Focus on Youth Inc. had its beginnings at Jimmy Stewart’s alma mater, Princeton University, in 1974. Billing itself as “America’s Student Produced Press Conference of the Air,” its executive producer and moderator was Garth R. Ancier. It’s main production was a half-hour weekly program titled Focus on Youth. The syndicated program was heard on more than 300 radio stations and reached an estimated 2.3 million listeners each week at the height of its popularity. According to Ancier, “We try to make the guest look like he is, not something he isn’t. We challenge our guests, but we don’t trap them.” After graduating from Princeton in 1979, Ancier remained in the communication industry where he has been head of programming for the FOX Network, President of Entertainment at NBC, and President and CEO of the Warner Brothers Television Network.
Stewart’s interview was broadcast in two parts on consecutive weeks. Part one went on the air on April 13, 1980, and part two was broadcast on April 20th. Ancier’s producer and main interviewer was Mitch Semel. The associate producer was Seth Lemer and Eric Linder was the director. The show was sponsored by the Shell Oil Company.
Although neither show is in general circulation, both are available at the Paley Center in New York City. We were able to listen to them there.
The April 13th show opens with Ancier reviewing Stewart’s achievements, including his college days, Broadway and Hollywood careers, World War II service and his awards. Mitch Semel then conducts an in-depth interview with Stewart. A summary of the interview questions and Stewart’s answers follows.
First, Semel asks if roles in Broadway plays came easily to Stewart. Stewart replies that there were so many plays on Broadway in those days that it was, in fact, easy to land parts. Semel remarks that in Josh Logan’s recent book (Movie Stars, Real People and Me, Delacorte, 1978), he says that Stewart wanted to be an architect and that he wasn’t really taking his acting seriously. Stewart admits that acting was a “lark” for him at first, but that he found it so exhilarating that he soon became hooked. Next, Mitch asks about the University Players. Stewart tells him that they were a very special and very talented group of actors.
When asked if he had any sense that he would go into acting, Stewart says, “No, not me. Not until that summer after my Princeton graduation.” Semel next asks if there could ever be a repertoire company for film. Although Stewart thinks that it would be a great idea, he doesn’t think that it will ever happen again like the early days of film when it was a great training ground for actors.
Semel asked what it was like to move to Hollywood in the 1930s. Stewart replies that it was a “big bunch of excitement.” Semel asks if filmmaking was still an experimental industry in the ‘30s. Stewart didn’t think that it was, except for the sound part of filmmaking. Soundmen often controlled the films in those days according to him. Semel asks what it was like making the transition from civilian to military life. Stewart relates that he was about 10 years older than all the other recruits and that the officers didn’t really know what to do with him. For several months, he was actually assigned to lead daily calisthenics. When asked if he was ever scared during his missions over Germany, Stewart says, “I was scared all the time.” Was he given special treatment in the military was Semel’s next question. Stewart replied that he couldn’t be “one of the boys” because of his film and famous stature, but that when he started combat training all that changed and everyone became equal.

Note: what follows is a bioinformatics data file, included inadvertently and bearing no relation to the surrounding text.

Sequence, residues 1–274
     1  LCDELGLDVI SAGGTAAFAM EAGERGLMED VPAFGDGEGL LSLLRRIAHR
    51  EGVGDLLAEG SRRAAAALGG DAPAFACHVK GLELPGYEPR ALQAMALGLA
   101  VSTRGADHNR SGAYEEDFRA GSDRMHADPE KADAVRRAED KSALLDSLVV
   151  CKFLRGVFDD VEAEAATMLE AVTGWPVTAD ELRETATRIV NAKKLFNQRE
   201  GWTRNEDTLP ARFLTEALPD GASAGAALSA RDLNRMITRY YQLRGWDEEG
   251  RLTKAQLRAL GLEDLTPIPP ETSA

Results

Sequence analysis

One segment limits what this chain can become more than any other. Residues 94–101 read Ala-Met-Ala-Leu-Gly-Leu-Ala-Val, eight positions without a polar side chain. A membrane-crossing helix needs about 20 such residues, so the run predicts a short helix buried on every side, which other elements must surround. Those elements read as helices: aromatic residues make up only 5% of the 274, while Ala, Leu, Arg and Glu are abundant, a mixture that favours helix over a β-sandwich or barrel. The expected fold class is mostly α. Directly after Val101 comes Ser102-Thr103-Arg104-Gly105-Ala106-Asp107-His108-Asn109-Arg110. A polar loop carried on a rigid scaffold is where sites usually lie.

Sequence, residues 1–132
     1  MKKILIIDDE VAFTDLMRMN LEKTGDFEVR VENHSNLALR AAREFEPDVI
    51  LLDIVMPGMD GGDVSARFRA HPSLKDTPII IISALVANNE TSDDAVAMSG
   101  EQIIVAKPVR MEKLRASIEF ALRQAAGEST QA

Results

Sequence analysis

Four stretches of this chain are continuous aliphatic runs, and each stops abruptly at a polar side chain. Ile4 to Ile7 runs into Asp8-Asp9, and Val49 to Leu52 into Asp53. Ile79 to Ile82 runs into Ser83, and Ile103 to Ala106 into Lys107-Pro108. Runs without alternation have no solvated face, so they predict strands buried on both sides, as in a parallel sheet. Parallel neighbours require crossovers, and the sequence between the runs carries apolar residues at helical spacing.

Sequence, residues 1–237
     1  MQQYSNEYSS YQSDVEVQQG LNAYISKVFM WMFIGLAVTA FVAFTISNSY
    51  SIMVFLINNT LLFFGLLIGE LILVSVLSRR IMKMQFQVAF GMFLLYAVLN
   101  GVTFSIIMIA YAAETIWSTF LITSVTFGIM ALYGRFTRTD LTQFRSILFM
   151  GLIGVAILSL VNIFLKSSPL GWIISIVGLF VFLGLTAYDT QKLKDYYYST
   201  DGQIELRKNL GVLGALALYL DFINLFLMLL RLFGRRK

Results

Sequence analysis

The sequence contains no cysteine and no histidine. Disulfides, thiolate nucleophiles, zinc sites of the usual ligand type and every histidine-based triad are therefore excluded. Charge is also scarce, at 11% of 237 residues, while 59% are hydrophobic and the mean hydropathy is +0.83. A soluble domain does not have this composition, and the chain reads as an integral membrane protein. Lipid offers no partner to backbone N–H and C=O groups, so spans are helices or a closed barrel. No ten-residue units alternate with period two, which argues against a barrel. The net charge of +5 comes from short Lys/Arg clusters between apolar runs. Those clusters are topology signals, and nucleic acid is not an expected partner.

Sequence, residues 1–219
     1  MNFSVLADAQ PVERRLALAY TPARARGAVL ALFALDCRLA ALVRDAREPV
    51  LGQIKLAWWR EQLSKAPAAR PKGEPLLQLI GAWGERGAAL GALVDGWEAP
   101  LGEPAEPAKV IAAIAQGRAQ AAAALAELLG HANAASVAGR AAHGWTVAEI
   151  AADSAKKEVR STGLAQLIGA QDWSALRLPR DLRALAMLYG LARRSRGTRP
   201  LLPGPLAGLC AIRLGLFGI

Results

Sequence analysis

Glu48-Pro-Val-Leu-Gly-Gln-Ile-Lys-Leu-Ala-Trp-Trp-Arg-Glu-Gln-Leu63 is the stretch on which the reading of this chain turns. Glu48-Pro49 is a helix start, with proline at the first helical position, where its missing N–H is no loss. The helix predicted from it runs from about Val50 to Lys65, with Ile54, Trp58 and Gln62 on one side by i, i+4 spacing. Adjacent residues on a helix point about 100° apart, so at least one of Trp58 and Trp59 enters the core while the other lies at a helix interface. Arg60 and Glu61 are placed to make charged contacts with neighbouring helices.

Semel asks if Stewart’s attitude toward war had changed because of his experiences in World War II. Stewart replied, “No, it didn’t. It was a wonderful experience. It helped me…it broadened me. It helped me to mature in a way that I’ll always be grateful for.” He added that it taught him the importance of duty to country and the importance of transmitting that feeling to others.
Semel’s next question was “Why do you feel many people in our generation don’t have that attitude today?” After a quick, “I can’t answer that question,” Stewart says that he believes there is much more patriotism in the country today than people realize. He also states that he thinks a
lack of discipline has led to a lack of interest in the military. Semel says that President Carter has asked for the responsible use of energy and inquires if the lack of discipline could also play a part in that problem. Stewart seems to be caught off guard by the question and simply responds, “Could be.”
During a commercial break in the program, Ancier for the first time announces that this will be a two-part interview and promotes the fact that next week Stewart will answer questions about the movie industry, Harvey the invisible rabbit and the Academy Awards. The program then ends with one final question for Stewart. Stewart is asked why he thinks the country is not willing to accept rationing the way that they did during World War II. Stewart lays the blame partly at the feet of the Senate and Congress for passing laws that hurt oil production in the United States.
Watch for part two next week.